Autism Blog Series 1: What is Autism Spectrum Disorder?

Autism Spectrum Disorder (ASD) is a wide range of conditions characterized by difficulties with verbal and nonverbal communication, socialization, and other repetitive behaviors. The disorder is referred to as a “spectrum” because no two children with ASD are alike. Moreover, it manifests differently in every child, which highlights the individual’s unique strengths and challenges.

Children with ASD are unique in that they utilize repetitive behaviors to help regulate themselves. For example, people move their body to reduce tension throughout the day. This may look like tapping your foot, rocking in your chair, or clicking a pen repeatedly. Typically developing children may exhibit these repetitive behaviors when feeling nervous such as when taking a test or meeting new people for the first time. However, children diagnosed with ASD may utilize these repetitive behaviors when feeling overwhelmed, which can be quite often.

A person with Autism can quickly become inundated with sensory information. They are most sensitive to taste first, then auditory stimuli. Within the environment, there are various sensory stimulation that you and I may not even register. This may include the hum of the overhead lighting, a soft “whoosh” of the wind, or gentle vibrations from the washing machine. We don’t register these sensations because we can automatically filter them out. Isn’t that fascinating? The way the brain does this is by comparing past information to information that enters the brain. Then your response or reaction is based on that comparison of experiences. A person with Autism often cannot do this. As a result, every experience is brand new, and there is little interconnectivity between their senses and the surrounding environment. In addition, a child with Autism may also have difficulty dialing down the intensity of that sensory stimulus. To cope with this, he may engage in repetitive behaviors more frequently. This is important to recognize as a parent, caregiver, or teacher of a child with ASD because it is a reminder that there is always a reason behind a child’s behaviors. If your child is engaged in a repetitive behavior, it may be a signal to you that he is overwhelmed with the sensory stimulation around him.

It can be a very challenging experience for this sensory overload to occur while out in public places, like the grocery store or shopping mall. It’s nearly impossible to get anyone to a calmer state just by talking, and it is especially difficult to do with a child diagnosed with Autism because they are sensitive to sound. It’s recommended to separate the child from the overwhelming environment or give the child items to separate him or herself from the environment. That could mean providing them with earplugs or headphones to block out the noise so they don’t become as overwhelmed in the public space. Being creative with how you can help your child cope with the stimulating environment can go a long way in helping him feel less stressed.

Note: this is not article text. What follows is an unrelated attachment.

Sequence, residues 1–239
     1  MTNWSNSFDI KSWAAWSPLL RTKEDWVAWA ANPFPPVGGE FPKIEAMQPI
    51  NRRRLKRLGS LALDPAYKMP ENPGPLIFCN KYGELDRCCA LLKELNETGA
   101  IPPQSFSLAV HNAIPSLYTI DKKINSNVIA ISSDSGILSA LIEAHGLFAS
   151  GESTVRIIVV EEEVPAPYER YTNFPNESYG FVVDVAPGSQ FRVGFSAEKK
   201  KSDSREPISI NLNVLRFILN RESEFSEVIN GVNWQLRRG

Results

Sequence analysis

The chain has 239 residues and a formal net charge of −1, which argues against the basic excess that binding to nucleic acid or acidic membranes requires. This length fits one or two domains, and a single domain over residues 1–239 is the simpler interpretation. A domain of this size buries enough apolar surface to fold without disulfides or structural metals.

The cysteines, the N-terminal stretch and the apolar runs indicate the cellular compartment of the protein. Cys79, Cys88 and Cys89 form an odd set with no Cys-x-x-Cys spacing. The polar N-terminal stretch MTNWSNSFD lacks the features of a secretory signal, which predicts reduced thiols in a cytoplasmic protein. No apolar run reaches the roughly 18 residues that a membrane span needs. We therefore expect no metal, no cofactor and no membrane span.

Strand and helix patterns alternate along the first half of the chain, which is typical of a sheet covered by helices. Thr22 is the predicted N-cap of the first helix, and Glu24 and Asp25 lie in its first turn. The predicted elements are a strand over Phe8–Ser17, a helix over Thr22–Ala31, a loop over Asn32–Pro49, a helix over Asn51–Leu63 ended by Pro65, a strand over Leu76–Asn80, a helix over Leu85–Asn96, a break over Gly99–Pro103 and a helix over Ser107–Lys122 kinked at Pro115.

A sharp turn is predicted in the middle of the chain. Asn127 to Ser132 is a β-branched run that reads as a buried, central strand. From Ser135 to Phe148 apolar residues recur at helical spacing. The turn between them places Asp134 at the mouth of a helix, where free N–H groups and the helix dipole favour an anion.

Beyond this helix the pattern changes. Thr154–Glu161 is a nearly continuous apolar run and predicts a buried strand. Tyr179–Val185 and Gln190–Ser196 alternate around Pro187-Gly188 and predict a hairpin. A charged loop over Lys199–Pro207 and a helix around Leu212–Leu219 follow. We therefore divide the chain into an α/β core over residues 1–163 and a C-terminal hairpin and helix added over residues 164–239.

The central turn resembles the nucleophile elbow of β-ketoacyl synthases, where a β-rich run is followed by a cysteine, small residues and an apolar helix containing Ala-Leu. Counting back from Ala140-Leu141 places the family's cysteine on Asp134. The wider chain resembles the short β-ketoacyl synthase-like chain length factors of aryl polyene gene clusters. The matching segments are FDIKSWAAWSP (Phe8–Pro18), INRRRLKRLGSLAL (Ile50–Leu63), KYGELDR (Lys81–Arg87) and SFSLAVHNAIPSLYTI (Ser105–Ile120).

Every person with Autism is special in his or her own way, and through patience, keen observations, and sometimes an objective eye, you can learn what your child needs to help interpret and regulate him or herself. There are many famous people, such as renowned mathematician Albert Einstein, who are believed to have a diagnosis of Autism. These individuals have contributed tremendously to society as a whole, and we would certainly not be where we are today without them! Your family member with a diagnosis of ASD is significant to society in his own unique way.

For more information, you can read the following blog posts in this series.


Barthel, K. (May 2017). Autism from the Inside Out [Lecture]. Hosted by Therapeutic Services Inc.

2 thoughts on “Autism Blog Series 1: What is Autism Spectrum Disorder?

  1. Very insightful and informative. Can’t wait to read the next article!

    One quote I’ve seen that really resonated with me:
    If you’ve seen one kid with ASD… you’ve seen one kid with ASD.

Post your comments here:

Fill in your details below or click an icon to log in: Logo

You are commenting using your account. Log Out /  Change )

Google+ photo

You are commenting using your Google+ account. Log Out /  Change )

Twitter picture

You are commenting using your Twitter account. Log Out /  Change )

Facebook photo

You are commenting using your Facebook account. Log Out /  Change )


Connecting to %s